Electromagnetic Radiation and Water

Absorption of electromagnetic radiation by water is highly dependent on wavelength. Near-infrared wavelengths hardly penetrate water at all and are completely absorbed in only a few tenths of a metre of water. It is only visible wavelengths that can penetrate the surface and be backscattered out of the water into the atmosphere. Blue wavelengths penetrate deeply in clear water while longer wavelengths penetrate less well with red wavelengths penetrating only a few metres. These features are illustrated in Figure 1 below which shows the absorption spectrum of pure water in the wavelength range 300-750nm.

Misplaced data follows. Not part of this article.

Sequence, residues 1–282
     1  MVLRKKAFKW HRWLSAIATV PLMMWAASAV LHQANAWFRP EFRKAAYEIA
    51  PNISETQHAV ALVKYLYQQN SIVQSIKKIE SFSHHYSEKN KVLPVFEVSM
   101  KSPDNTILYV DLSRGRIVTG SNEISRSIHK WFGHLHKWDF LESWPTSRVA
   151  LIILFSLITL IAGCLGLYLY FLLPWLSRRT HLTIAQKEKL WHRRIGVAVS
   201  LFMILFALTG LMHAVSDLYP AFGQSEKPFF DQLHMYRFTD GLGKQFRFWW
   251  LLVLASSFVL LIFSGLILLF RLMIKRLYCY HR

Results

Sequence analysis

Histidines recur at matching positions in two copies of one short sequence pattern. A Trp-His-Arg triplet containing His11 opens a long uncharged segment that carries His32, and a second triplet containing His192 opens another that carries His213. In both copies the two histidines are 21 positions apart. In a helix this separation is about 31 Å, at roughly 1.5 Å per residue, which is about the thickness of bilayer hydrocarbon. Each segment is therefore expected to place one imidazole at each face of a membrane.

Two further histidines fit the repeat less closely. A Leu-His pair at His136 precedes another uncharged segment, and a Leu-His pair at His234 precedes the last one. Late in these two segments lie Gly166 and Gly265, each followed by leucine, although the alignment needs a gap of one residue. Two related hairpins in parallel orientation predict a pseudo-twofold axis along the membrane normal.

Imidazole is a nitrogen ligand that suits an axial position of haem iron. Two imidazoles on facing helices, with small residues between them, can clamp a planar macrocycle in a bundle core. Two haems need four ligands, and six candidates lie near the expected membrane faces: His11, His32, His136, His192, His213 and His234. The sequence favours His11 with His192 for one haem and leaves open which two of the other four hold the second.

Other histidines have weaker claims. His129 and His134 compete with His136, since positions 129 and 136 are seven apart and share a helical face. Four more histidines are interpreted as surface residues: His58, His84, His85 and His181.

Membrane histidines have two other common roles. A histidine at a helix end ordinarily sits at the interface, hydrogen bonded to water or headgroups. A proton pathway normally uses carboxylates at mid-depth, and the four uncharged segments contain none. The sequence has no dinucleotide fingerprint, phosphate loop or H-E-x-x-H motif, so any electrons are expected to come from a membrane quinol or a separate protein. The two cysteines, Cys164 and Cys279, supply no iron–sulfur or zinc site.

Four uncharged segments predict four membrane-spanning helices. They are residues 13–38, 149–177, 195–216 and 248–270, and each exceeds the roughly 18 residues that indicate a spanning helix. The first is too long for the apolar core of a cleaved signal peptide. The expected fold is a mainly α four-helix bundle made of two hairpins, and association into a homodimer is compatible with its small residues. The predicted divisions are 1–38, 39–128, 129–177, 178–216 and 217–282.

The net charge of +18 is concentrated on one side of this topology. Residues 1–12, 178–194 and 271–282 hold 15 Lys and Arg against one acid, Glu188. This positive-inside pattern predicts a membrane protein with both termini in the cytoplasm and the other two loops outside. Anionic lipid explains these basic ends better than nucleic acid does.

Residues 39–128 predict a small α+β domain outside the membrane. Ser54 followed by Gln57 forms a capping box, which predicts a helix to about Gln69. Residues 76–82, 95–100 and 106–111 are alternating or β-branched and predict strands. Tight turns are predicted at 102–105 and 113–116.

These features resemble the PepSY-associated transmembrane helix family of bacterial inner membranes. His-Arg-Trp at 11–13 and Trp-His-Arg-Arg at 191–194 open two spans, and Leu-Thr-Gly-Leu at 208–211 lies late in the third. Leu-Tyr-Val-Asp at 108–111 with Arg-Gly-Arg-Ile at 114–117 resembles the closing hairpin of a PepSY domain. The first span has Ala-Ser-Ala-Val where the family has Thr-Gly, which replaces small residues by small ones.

Figure 1: Absorption spectrum of pure water

Depth penetration is also restricted by the turbidity of the water. Turbidity is the existence of particles in water and increasing turbidity causes a decrease in the depth penetration of light. This fact is illustrated in Figure 2 below which shows the spectral transmittance for waters of different turbidities.

Figure 2: Spectral transmittance for various waters (courtesy of Floyd F. Sabins)

Figure 2 shows that the best penetration is obtained in the optical region and that penetration decreases with increasing turbidity. Therefore, remote sensing for bathymetry is comprised of mostly optical techniques. However, in regions where optical techniques are not appropriate, due, for instance, to high turbidity or a low sun angle, radar remote sensing techniques can provide valuable information on bathymetric features in water.

Last updated and validated 18/06/99
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